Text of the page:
Grendal, whats the code or statute in CO that MANDATES an arrest and trip to jail in the event of a justifiable homicide. On the face of it, it seems to be un Constitutional, and a lawsuit waiting to happen... LE CANNOT arrest without probable cause that a crime has been committed-period. Unless the arresting officer can clearly articulate the PC for an arrest (it takes more than a body on the ground), it would be an illegal act. Its very difficult to MANDATE an arrest for a particular event, more so when the event is possibly lawful.

If Officer Friendly comes to my home after I call 911, and there's MR Scumbag in his ski mask dead on the floor with a pair of .453" holes in his X ring, and my story is that MR Scumbag broke in... Officer Friendly had NO PC at this point. If he attempts to arrest or otherwise physically detain me, his municipality will be bankrupt in short order...
 

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Discussion Starter #11
The problem with a 'one size fits all' book or how to manual is that not only do use of force laws vary from State to State, but the attitudes and sensitivities vary by geography, ever within a State where, in theory, the circumstances and standards that make an event justifiable or criminal should be identical...
I'm sure you're right that laws vary from State to State. In this case, that's what *I* like about this book in that it's unique to California and written by someone who's a practicing Attorney IN California who's also a 2nd Amendment supporter. The author's experience is based on Stare Decisis from both State and Federal cases.

Barn
 

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Grendal, whats the code or statute in CO that MANDATES an arrest and trip to jail in the event of a justifiable homicide. On the face of it, it seems to be un Constitutional, and a lawsuit waiting to happen... LE CANNOT arrest without probable cause that a crime has been committed-period. Unless the arresting officer can clearly articulate the PC for an arrest (it takes more than a body on the ground), it would be an illegal act. Its very difficult to MANDATE an arrest for a particular event, more so when the event is possibly lawful.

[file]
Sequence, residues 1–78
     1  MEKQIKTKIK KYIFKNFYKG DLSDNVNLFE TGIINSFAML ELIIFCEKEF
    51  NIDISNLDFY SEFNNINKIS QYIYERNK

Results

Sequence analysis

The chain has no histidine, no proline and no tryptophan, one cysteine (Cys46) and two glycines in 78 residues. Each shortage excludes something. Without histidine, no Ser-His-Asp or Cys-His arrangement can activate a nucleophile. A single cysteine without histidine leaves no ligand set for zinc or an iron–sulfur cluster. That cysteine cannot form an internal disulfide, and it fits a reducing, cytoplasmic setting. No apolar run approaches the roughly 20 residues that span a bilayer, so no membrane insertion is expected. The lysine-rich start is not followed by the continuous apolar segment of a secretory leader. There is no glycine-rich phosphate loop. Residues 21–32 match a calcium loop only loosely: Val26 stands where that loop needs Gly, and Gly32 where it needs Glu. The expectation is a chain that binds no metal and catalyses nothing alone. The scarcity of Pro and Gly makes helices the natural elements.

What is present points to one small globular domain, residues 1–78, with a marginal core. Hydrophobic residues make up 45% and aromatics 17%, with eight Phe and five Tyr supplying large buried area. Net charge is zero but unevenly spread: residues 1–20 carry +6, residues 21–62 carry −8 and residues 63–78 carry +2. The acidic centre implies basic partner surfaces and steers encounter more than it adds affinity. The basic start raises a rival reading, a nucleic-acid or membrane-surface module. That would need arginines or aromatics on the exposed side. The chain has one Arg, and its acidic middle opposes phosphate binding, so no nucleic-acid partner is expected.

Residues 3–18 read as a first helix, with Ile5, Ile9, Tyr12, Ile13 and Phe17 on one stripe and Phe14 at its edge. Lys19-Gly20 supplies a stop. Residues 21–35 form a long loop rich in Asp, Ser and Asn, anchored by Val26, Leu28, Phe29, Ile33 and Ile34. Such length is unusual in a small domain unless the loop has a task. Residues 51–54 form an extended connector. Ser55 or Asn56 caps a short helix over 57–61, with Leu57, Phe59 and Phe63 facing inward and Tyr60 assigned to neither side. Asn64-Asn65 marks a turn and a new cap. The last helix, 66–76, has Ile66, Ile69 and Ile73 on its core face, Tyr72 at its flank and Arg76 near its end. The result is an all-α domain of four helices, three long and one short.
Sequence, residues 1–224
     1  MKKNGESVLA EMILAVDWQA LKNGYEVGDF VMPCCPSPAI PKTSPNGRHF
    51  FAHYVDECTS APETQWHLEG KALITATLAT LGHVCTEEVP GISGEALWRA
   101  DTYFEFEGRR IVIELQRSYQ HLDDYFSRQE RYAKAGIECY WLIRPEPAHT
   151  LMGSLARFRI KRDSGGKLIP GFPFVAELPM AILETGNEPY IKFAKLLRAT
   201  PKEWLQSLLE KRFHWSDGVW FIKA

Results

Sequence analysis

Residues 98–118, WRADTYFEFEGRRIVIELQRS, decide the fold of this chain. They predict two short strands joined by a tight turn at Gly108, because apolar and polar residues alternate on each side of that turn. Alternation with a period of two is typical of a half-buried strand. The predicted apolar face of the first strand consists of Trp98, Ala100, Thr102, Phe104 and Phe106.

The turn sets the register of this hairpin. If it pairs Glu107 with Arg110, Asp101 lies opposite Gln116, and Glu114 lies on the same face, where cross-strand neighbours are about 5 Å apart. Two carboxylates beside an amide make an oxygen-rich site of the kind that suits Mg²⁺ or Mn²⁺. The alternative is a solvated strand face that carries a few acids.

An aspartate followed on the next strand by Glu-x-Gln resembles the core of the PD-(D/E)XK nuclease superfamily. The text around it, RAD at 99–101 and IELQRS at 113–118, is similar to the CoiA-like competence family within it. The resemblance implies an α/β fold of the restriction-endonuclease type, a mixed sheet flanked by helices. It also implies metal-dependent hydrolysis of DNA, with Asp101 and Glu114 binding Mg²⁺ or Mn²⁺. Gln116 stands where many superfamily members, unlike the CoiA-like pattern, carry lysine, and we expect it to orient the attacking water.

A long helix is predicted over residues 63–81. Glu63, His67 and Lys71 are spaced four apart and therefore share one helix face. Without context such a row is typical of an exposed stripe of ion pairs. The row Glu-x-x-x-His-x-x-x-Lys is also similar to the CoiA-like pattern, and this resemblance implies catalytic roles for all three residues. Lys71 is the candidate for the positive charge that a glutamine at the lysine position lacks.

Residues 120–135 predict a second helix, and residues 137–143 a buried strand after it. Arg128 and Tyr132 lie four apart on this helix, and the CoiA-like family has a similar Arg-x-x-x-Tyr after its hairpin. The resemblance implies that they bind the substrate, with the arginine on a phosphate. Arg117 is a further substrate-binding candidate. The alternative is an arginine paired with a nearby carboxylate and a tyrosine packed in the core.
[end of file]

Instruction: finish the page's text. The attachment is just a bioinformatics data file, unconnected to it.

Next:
If Officer Friendly comes to my home after I call 911, and there's MR Scumbag in his ski mask dead on the floor with a pair of .453" holes in his X ring, and my story is that MR Scumbag broke in... Officer Friendly had NO PC at this point. If he attempts to arrest or otherwise physically detain me, his municipality will be bankrupt in short order...
I'll see if I can find the statute or regulation. I'm going off what the CCW instructors have said in class and conversation thus far (two of five of which were active duty LEOs).

My understanding based on those statements are it is similar to a domestic disturbance call in CO as a blanket "someone is going to jail" thing. If a call is made, someone is going to the cooling tank. It happened even to Patrick Roy here when he was still goalie of the Avalanche. He put a hole in the drywall INSTEAD of punching his wife or such, nobody was injured (especially his wife) but he still went to jail overnight. No charges pressed initially pending investigation, but he went to jail.

Basically - if a "crime" was committed on the surface (a dead body would be evidence of a "crime" prima facie) then the LEO has to make an arrest until the DA can sort it out. These cases specifically get bee-lined to the top of the DA pile to determine if it was a justified shooting per the rule of law or if it was questionable and therein the shooter remanded or released pending further investigation.

But yeah, let me see what I can find. I'm up on divorce law and custody statutes here in CO (I can quote most of them by #), but not so much these sorts of arenas.

Oh - and BTW it is Grendel, not Grendal. Like from Beowulf, but in this case, not from that source. ;)